Since writing Global Slump McNally has acquainted himself with the work of Michael Roberts, who uses the historic costs of fixed capital to measure the rate of profit, rather than current costs.12 I too am convinced that historic costs should be used to calculate the rate of return. The problem with using the current cost of fixed capital, or the “replacement cost” as it is also known, is that it does not measure profit against the sums actually invested by the capitalist but the amount that would be required to replace the investment today.13 In other words, current cost calculations treat capitalism as if profits are generated at the same point at which investments are made—it treats capitalism as if time did not exist. This is obviously a nonsensical way to explore capitalism if we believe it to be a dynamic system, rather than a system in a state of static equilibrium. It turns out that the differences between current cost and historic cost calculations are also significant, and in particular the restoration of profitability in the recent period is, at least in large part, a result of this erroneous method of calculation.
The author who has most effectively argued this point in recent years is Andrew Kliman, whose latest work, The Failure of Capitalist Production, is an important analysis of the crisis. Unlike McNally, Kliman does see it as within his remit to explain why different authors arrive at a different picture when assessing trends in profitability, setting out the issues at stake in a commendably accessible manner. Kliman presents several legitimate methods of calculating profit rates, each suitable for particular purposes, using historic rather than current costs. Here I present one of Kliman’s measures, the inflation-adjusted before-tax profit rate for the US corporate sector, in which the dotted line shows McNally’s method for obtaining a rise in profitability.14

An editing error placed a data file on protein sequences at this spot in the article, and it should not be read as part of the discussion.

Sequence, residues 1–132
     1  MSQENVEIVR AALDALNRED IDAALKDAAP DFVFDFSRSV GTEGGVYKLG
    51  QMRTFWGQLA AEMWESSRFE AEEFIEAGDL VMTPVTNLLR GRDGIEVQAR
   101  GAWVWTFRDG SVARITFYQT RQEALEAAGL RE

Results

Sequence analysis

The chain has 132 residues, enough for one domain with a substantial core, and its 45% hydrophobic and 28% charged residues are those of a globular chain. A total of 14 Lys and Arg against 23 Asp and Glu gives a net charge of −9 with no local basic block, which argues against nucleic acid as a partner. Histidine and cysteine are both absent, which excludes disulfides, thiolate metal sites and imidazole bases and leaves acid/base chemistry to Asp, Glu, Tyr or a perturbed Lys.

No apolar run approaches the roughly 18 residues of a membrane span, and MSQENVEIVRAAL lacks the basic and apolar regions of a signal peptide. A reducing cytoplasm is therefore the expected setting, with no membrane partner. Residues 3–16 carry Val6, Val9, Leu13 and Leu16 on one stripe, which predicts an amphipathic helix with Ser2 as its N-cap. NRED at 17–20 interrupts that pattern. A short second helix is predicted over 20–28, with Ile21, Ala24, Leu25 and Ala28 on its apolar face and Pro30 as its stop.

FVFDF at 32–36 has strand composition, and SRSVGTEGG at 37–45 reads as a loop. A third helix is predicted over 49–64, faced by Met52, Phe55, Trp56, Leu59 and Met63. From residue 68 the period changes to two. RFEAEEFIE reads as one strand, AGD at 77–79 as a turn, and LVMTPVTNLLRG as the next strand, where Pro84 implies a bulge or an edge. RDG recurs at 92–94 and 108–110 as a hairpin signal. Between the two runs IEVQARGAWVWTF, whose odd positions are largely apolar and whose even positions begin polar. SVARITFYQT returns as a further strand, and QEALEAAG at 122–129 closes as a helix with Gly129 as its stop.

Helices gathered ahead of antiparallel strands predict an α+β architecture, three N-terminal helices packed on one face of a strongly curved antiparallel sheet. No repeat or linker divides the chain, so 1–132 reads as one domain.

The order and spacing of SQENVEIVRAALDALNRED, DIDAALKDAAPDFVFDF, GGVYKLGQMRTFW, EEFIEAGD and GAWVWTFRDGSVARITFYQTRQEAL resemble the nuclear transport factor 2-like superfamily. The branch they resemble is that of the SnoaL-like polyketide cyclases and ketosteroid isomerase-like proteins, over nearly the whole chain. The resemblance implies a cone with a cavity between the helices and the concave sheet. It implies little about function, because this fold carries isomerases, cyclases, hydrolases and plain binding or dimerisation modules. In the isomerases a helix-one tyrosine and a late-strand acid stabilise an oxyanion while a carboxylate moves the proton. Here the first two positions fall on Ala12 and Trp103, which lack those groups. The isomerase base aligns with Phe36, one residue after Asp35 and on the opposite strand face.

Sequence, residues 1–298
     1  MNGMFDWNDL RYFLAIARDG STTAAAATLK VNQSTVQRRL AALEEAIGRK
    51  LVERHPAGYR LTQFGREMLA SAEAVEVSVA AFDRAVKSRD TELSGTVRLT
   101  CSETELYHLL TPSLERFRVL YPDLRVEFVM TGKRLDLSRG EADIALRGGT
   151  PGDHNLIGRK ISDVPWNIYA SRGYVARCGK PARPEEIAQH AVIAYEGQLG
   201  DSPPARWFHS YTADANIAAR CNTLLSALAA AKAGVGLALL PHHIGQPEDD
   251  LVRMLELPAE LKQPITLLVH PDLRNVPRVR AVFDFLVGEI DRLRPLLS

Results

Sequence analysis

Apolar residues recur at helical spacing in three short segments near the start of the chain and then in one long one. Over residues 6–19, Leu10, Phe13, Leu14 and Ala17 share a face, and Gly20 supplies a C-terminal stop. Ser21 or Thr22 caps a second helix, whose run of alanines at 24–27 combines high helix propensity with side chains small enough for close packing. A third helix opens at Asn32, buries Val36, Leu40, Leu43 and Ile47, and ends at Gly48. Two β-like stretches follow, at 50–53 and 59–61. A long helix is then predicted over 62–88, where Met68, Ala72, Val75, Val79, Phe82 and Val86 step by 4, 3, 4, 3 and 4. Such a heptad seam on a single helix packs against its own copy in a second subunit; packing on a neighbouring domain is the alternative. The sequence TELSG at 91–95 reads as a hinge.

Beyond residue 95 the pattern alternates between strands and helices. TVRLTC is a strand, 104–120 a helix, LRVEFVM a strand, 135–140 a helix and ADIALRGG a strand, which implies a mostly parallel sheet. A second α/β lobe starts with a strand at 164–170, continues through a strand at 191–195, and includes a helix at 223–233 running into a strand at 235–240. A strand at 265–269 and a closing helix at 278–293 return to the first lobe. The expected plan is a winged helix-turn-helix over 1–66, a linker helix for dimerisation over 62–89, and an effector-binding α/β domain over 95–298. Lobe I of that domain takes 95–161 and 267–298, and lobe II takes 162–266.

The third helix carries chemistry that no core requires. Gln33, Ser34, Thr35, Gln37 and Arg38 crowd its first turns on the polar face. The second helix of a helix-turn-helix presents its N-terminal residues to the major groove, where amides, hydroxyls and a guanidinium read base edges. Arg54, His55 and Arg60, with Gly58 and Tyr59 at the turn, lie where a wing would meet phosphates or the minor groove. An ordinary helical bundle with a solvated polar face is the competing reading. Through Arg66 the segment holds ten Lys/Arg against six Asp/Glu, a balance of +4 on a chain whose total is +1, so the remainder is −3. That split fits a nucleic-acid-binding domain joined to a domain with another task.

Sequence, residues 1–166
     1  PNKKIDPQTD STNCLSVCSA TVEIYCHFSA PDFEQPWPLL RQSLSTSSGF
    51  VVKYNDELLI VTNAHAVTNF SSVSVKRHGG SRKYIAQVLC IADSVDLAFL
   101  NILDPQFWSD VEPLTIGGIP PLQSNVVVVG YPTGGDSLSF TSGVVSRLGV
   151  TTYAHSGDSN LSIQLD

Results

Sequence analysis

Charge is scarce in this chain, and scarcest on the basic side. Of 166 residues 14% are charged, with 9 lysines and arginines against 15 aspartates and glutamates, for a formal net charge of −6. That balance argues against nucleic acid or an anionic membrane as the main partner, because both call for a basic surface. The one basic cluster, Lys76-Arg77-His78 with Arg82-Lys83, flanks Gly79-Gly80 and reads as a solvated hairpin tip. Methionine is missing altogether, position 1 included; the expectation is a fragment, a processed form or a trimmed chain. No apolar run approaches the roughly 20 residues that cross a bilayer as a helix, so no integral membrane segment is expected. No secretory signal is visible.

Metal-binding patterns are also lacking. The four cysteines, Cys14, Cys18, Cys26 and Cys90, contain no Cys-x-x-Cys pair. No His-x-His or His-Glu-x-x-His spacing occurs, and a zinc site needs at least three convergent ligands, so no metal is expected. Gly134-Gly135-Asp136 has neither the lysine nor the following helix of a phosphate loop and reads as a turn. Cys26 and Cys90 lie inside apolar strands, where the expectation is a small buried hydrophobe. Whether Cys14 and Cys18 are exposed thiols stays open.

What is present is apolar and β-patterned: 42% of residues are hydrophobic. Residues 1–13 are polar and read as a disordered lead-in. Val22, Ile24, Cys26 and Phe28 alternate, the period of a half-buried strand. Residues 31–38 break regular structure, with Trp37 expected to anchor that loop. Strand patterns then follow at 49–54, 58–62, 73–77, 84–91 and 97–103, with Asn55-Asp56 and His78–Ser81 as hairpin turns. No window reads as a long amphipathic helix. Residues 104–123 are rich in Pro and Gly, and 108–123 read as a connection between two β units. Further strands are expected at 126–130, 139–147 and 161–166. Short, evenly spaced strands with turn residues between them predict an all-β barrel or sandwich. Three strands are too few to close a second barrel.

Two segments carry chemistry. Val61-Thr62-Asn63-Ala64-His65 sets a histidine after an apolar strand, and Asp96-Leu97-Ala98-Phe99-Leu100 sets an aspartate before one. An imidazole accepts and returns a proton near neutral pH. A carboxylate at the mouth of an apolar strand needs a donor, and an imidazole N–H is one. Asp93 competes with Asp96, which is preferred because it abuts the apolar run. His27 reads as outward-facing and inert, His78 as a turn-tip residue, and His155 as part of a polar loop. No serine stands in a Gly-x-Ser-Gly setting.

Figure 2: Inflation-adjusted US corporate sector before-tax profit rate
Source: Kliman, 2012